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Utworzony przez meimeiwu, 20 lipca 2013 o 04:55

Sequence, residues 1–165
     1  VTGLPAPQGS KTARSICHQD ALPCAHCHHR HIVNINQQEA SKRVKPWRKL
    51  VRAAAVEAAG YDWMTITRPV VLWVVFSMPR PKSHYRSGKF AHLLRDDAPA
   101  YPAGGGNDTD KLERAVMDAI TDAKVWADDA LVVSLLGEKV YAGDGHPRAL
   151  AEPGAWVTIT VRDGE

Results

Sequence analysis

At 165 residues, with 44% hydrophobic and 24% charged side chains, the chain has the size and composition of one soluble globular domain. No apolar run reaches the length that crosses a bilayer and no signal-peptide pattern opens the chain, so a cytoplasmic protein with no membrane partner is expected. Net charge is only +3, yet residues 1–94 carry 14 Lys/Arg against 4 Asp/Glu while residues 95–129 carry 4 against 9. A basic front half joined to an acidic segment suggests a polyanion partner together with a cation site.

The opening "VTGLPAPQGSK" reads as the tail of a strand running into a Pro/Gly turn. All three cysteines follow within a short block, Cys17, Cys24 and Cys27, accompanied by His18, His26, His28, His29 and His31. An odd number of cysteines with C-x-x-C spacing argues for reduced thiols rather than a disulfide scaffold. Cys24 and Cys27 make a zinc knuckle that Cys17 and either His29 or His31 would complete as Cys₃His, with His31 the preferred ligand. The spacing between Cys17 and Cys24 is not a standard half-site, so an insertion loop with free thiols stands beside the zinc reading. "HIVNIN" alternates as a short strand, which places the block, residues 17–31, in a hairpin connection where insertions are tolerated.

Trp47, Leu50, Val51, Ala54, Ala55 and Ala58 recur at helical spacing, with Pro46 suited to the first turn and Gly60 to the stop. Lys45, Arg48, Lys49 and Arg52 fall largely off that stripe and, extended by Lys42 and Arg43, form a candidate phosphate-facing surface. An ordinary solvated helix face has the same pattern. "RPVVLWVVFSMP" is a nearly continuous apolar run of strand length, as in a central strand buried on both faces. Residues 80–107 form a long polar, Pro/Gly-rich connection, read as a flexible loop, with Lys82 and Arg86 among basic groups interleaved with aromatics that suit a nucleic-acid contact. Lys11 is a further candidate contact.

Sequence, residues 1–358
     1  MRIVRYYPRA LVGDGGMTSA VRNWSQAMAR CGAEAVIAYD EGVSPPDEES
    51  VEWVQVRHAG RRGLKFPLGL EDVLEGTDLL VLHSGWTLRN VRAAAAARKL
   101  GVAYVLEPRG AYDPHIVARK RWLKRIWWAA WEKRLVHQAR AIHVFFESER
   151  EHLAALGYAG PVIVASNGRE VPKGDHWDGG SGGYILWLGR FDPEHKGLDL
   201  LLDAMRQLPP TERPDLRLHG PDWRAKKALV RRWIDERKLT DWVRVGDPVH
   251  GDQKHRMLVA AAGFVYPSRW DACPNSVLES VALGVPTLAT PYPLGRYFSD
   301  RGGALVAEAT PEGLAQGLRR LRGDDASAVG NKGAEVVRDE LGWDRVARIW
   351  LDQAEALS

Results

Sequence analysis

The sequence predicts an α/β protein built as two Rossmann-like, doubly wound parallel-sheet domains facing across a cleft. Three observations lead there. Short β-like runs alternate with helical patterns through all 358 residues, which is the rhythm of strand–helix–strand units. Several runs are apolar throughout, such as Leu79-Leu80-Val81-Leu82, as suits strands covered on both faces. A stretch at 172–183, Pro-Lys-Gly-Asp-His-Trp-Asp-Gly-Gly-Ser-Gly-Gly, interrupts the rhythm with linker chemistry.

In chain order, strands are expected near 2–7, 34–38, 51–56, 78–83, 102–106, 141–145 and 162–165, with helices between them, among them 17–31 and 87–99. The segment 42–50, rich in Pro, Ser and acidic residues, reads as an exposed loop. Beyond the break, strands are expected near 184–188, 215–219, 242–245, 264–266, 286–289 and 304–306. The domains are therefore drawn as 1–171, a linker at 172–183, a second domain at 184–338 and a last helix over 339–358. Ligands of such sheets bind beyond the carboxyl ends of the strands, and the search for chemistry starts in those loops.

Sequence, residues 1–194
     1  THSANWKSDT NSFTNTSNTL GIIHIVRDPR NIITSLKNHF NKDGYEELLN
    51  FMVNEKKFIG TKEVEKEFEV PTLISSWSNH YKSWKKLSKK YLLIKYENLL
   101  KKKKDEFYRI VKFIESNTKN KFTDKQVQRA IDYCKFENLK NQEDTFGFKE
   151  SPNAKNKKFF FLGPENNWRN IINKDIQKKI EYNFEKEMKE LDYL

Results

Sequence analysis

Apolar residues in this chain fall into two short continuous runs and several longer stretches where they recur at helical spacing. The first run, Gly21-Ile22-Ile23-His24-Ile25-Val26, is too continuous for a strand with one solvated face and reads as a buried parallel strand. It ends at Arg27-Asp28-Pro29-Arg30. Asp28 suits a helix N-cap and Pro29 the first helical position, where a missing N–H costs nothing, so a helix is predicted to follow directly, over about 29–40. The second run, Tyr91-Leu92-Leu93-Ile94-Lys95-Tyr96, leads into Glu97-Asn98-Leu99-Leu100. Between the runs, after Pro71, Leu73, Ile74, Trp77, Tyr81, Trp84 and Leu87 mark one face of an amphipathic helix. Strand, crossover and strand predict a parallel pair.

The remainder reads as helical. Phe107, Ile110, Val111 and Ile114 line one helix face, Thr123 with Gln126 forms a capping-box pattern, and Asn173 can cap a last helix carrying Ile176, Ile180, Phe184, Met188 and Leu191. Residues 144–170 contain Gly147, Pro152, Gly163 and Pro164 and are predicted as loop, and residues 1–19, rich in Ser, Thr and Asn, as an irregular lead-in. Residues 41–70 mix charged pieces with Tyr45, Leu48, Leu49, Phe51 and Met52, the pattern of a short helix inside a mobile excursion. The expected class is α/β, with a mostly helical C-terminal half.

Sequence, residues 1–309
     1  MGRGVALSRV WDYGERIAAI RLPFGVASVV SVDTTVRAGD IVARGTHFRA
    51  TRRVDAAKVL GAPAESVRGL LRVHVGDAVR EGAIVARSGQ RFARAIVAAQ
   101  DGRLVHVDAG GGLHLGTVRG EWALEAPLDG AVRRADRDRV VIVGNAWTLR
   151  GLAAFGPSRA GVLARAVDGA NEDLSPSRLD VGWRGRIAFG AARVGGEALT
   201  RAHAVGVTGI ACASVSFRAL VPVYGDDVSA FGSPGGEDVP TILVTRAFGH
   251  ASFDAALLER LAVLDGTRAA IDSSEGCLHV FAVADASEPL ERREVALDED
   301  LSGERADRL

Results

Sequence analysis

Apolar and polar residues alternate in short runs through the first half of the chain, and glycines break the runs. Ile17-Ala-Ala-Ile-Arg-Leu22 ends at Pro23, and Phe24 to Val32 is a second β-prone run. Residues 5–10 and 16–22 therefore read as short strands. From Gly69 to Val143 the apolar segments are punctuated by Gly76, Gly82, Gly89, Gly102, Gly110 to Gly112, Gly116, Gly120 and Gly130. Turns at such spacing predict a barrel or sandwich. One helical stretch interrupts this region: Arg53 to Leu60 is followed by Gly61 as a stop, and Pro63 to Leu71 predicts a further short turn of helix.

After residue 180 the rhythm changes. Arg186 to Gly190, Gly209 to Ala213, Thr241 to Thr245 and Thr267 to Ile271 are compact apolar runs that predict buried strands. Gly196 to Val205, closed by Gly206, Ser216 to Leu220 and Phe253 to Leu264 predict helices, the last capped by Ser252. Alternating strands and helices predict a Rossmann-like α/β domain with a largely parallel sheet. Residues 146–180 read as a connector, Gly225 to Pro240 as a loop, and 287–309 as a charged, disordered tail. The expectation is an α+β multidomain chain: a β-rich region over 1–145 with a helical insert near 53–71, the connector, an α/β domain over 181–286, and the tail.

imagine that she would consent to make an appointment with him. It immediately occurred to her that the lions were about, and that she must shut herself up. “I have thought of you every day since I have been back,” he said, “and I did not know where to hear of you. Now that we have met am I to lose you again?” Lose her! What did he mean by losing her? She, too, had found a friend — she who had been so friendless! Would it not be dreadful to her, also, to lose him? “Is there no place where I may ask of you?” “When Ayala is back, and they are in town, perhaps I shall sometimes be at Lady Tringle’s,” said Lucy, resolved that she would not tell him of her immediate abode. This was, at any rate, a certain address from where he might commence further inquiries, should he wish to make inquiry; and as such he accepted it. “I think I had better go now,” said Lucy, trembling at the apparent impropriety of her present conversation. He knew that it was intended that he should leave her, and he went. “I hope I have not offended you in coming so far.” “Oh, no.” Then again she gave him her hand and again there was the same look as he took his leave. When she got home, which was before the dusk, having resolved that she must, at any rate, tell her aunt that she had met a friend, she found that her uncle had returned from his office. This was a most unusual nike free 3.0 occurrence. Her uncle, she knew, left Somerset House exactly at half past four, and always took an hour and a quarter for his walk. She had never seen him in Kingsbury Crescent till a quarter before six. “I have got letters from Rome,” he said, in a solemn voice. “From Ayala?” “One from Ayala, for you. It is here. And I have had one from my sister, also; and one, in the course of the day, from your uncle in Lombard Street. You had better read them!” There was something terribly tragic in Uncle Dosett’s voice as he spoke. And so must the reader read the letters; but they must be delayed for a few chapters. Chapter 5 At Glenbogie We must go back to Ayala’s life during the autumn and winter. She was rapidly whirled away to Glenbogie amidst the affectionate welcomings of her aunt and cousins. All manner of good things were done for her, as to presents and comforts. Young as she was, she had money given to her, which was not without attraction; and though she was, of course, in the depth of her mourning, she was made to understand that even mourning might be made becoming if no expense were spared. No expense among the Tringles ever was spared, and at first Ayala liked the bounty of profusion. But before the end of the first fortnight there grew upon her a feeling that even bank-notes become tawdry if you are taught to use them as curl-papers. It may be said that nothing in the world is charming unless it be achieved at some trouble. If it rained “‘64 Leoville’ — which I regard as the most divine of nectars — I feel sure that I should never raise it to my lips. Ayala did not argue the matter out in her mind, but in very early days she began to entertain a dislike to Tringle magnificence. There had been a good deal of luxury at the bijou, but always with a feeling that it ought not to be there — that more money was being spent than prudence authorised — which had certainly added a savour to the luxuries. A lovely bonnet, is it not more lovely because the destined wearer knows that there is some wickedness in achieving it? All the bonnets, all the claret, all the horses, seemed to come at Queen’s Gate and at Glenbogie without any wickedness. There was no more question about them than as to one’s ordinary bread and butter at breakfast. Sir Thomas had a way — a merit shall we call it or a fault? — of pouring out his wealth upon the family as though it were water running in perpetuity from a mountain tarn. Ayala the romantic, Ayala the poetic, found very soon that she did not like it. Perhaps the only pleasure left to the very rich is that of thinking of the deprivations of the poor. The bonnets, and the claret, and the horses, have lost their charm; but the Gladstone, and the old hats, and the four-wheeled cabs of their nike air max 2013+ neighbours, still have a little flavour for them. From this source it seemed to Ayala that the Tringles drew much of the recreation of their lives. Sir Thomas had his way of enjoying this amusement, but it was a way that did not specially come beneath Ayala’s notice. When she heard that Break-at-last, the Huddersfield manufacturer, had to sell his pictures, and that all Shoddy and Stuffgoods’ grand doings for the last two years had only been a flash in the pan, she did not understand enough about it to feel wounded; but when she heard her aunt say that people like the Poodles had better not have a place in Scotland than have to let it, and when Augusta hinted that Lady Sophia Smallware had pawned her diamonds, then she felt that her nearest and dearest relatives smelt abominably of money. Of all the family Sir Thomas was most persistently the kindest to her, though he was a man who did not look to be kind. She was pretty, and though he was ugly himself he liked to look at things pretty. He was, too, perhaps, a little tired of his own wife and daughters — who were indeed what he had made them, but still were not quite to his taste. In a general way he gave instructions that Ayala should be treated exactly as a daughter, and he informed his wife that he intended to add a codicil to his will on her behalf. “Is that necessary?” asked Lady Tringle, who began to feel something like natural jealousy. “I suppose I ought to do something for a girl if I take her by the hand,” said Sir Thomas, roughly. “If she gets a husband I will give her something, and that will do as well.” Nothing more was said about it, but when Sir Thomas went up to town the codicil was added to his will. Ayala was foolish rather than ungrateful, not understanding the nature of the family to which she was relegated. Before she had been taken away she had promised Lucy that she would be “obedient” to her aunt. There had hardly been such a word as obedience known at the bijou. If any were obedient, it was the mother and the father to the daughters. Lucy, and Ayala as well, had understood something of this; and therefore Ayala had promised to be obedient to her aunt. “And to Uncle Thomas,” Lucy had demanded, with an imploring embrace. “Oh, yes,” said Ayala, dreading her uncle at that time. She soon learned that no obedience whatsoever was exacted from Sir Thomas. She had to kiss him morning and evening, and then to take whatever presents he made her. An easy uncle he was to deal with, and she almost learned to love him. Nor was Aunt Emmeline very exigeant, though she was fantastic and sometimes disagreeable. But Augusta was the great difficulty. Lucy had not told her to obey Augusta, and Augusta she would not obey. Now Augusta demanded obedience. “You never ordered me,” Ayala had said to Lucy when they met in London as the Tringles were passing through. At the bijou there had been a republic, in which all the inhabitants and all the visitors had been free and equal. Such republicanism had been the very mainspring of life at the bijou. Ayala loved equality, and she specially felt that it should exist among sisters. Do anything for Lucy? Oh, yes, indeed, anything; abandon anything; but for Lucy as a sister among sisters, not for an elder as from a younger! And if she were not bound to serve Lucy then certainly not nike air max skyline Augusta. But Augusta liked to be served. On one occasion she sent Ayala upstairs, and on another she sent Ayala downstairs. Ayala went, but determined to be equal with her cousin. On the morning following, in the presence of Aunt Emmeline and of Gertrude, in the presence also of two other ladies who were visiting at the house, she asked Augusta if she would mind running upstairs and fetching her scrap-book! She had been thinking about it all the night and all the morning, plucking up her courage. But she had been determined. She found a great difficulty in saying the words, but she said them. The thing was so preposterous that all the ladies in the room looked aghast at the proposition. “I really think that Augusta has got something else to do,” said. Aunt Emmeline. “Oh, very well,” said Ayala, and then they were all silent. Augusta, who was employed on a silk purse, sat still and did not say a word. Had a great secret, or rather a great piece of news which pervaded the family, been previously communicated to Ayala, she would not probably have made so insane a suggestion. Augusta was engaged to be married to the Honourable Septimus Traffick, the member for Port Glasgow. A young lady who is already half a bride is not supposed to run up and down stairs as readily as a mere girl. For running up and down stairs at the bijou Ayala had been proverbial. They were a family who ran up and down with the greatest alacrity. “Oh, papa, my basket is out on the seat’ — for there had been a seat in the two-foot garden behind the house. Papa would go down in two jumps and come up with three skips, and there was the basket, only because his girl liked him to do something for her. But for him Ayala would run about as though she were a tricksy Ariel. Had the important matrimonial news been conveyed to Ariel, with a true girl’s spirit she would have felt that during the present period Augusta was entitled to special exemption from all ordering. Had she herself been engaged she would have run more and quicker than ever — would have been excited thereto by the peculiar vitality of her new prospects; but to even Augusta she would be subservient, because of her appreciation of bridal importance. She, however, had not been told till that afternoon. “You should not have asked Augusta to go upstairs,” said Aunt Emmeline, in a tone of mitigated reproach. “Oh! I didn’t know,” said Ayala. “You had meant to say that because she had sent you you were to send her. There is a difference, you know.” “I didn’t know,” said Ayala, beginning to think that she would fight her battle if told of such differences as she believed to exist. “I had meant to tell you before, but I may as well tell you now, Augusta is engaged to be married to the Honourable Mr Septimus Traffick. He is second son of Lord Boardotrade, and is in the House.” “Dear me!” said Ayala, acknowledging at once within her heart that the difference alleged was one against which she need not rouse herself to the fight. Aunt Emmeline had, in truth, intended to insist on that difference — and another; but her courage had failed her. “Yes, indeed. He is a man very much thought of just now in public life, and Augusta’s mind is naturally much occupied. He writes all those letters in The Times about supply and demand.” “Does he, aunt?” Ayala did feel that if Augusta’s mind was nike air max tn entirely occupied with supply and demand she ought not to be made to go upstairs to fetch a scrap-book. But she had her doubts about Augusta’s mind. Nevertheless, if the forthcoming husband were true, that might be a reason. “If anybody had told me before I wouldn’t have asked her,” she said. Then Lady Tringle explained that it had been thought better not to say anything heretofore as to the coming matrimonial hilarities because of the sadness which had fallen upon the Dormer family. Ayala accepted this as an excuse, and nothing further was said as to the iniquity of her request to her cousin. But there was a general feeling among the women that Ayala, in lieu of gratitude, had exhibited an intention of rebelling. On the next day Mr Traffick arrived, whose coming had probably made it necessary that the news should be told. Ayala was never so surprised in her life as when she saw him. She had never yet had a lover of her own, had never dreamed of a lover, but she had her own idea as to what a lover ought to be. She had thought that Isadore Hamel would be a very nice lover — for her sister. Hamel was young, handsome, with a great deal to say on such a general subject as art, but too bashful to talk easily to the girl he admired. Ayala had thought that all that was just as it should be. She was altogether resolved that Hamel and her sister should be lovers, and was determined to be devoted to her future brother-in-law. But the Honourable Septimus Traffick! It was a question to her whether her Uncle Tringle would not have been better as a lover. And yet there was nothing amiss about Mr Traffick. He was very much like an ordinary hard-working member of the House of Commons, over perhaps rather than under forty years of age. He was somewhat bald, somewhat grey, somewhat fat, and had lost that look of rosy plumpness which is seldom, I fear, compatible with hard work and late hours. He was not particularly ugly, nor was he absurd in appearance. But he looked to be a disciple of business, not of pleasure, nor of art. “To sit out on the bank of a stream and have him beside one would not be particularly nice,” thought Ayala to herself. Mr Traffick no doubt would have enjoyed it very well if he could have spared the time; but to Ayala it seemed that such a man as that could have cared nothing for love. As soon as she saw him, and realised in her mind the fact that Augusta was to become his wife, she felt at once the absurdity of sending Augusta on a message. Augusta that evening was somewhat more than ordinarily kind to her cousin. Now that the great secret was told, her cousin no doubt would recognise her importance. “I suppose you had not heard of him before?” she said to Ayala. “I never did.” “That’s because you have not attended to the debates.” “I never have. What are debates?” “Mr Traffick is very much thought of in the House of Commons on all subjects affecting commerce.” “Oh!” “It is the most glorious study which the world affords.” “The House of Commons. I don’t think it can be equal to art.” Then Augusta turned up her nose with a double turn — first as against painters, Mr Dormer having been no more, and then at Ayala’s ignorance in supposing that the House of Commons could have been spoken of as a study. “Mr Traffick will probably be in the government some day,” she said. “Has not he been yet?” asked Ayala. “Not yet.” “Then won’t he be very old before he gets there?” This was a terrible question. Young ladies of five-and-twenty, when they marry gentlemen of four-and-fifty, make up their minds for well-understood and well-recognised old age. They see that they had best declare their purpose, and they do declare it. “Of course, Mr Walker is old enough to be my father, but I have made up my mind that I like that better than anything else.” Then the wall has been jumped, and the thing can go smoothly. But at forty-five there is supposed to be so much of youth left that the difference of age may possibly be tided over and not made to appear abnormal. Augusta Tringle had determined to tide it over in this way. The forty-five had been gradually reduced to “less than forty’ — though all the Peerages were there to give the lie to the assertion. She talked of her lover as Septimus, and was quite prepared to sit with him beside a stream if only half an hour for the amusement could be found. When, therefore, Ayala suggested that if her lover wanted to get into office he had better do so quickly, lest he should be too old, Augusta was not well pleased.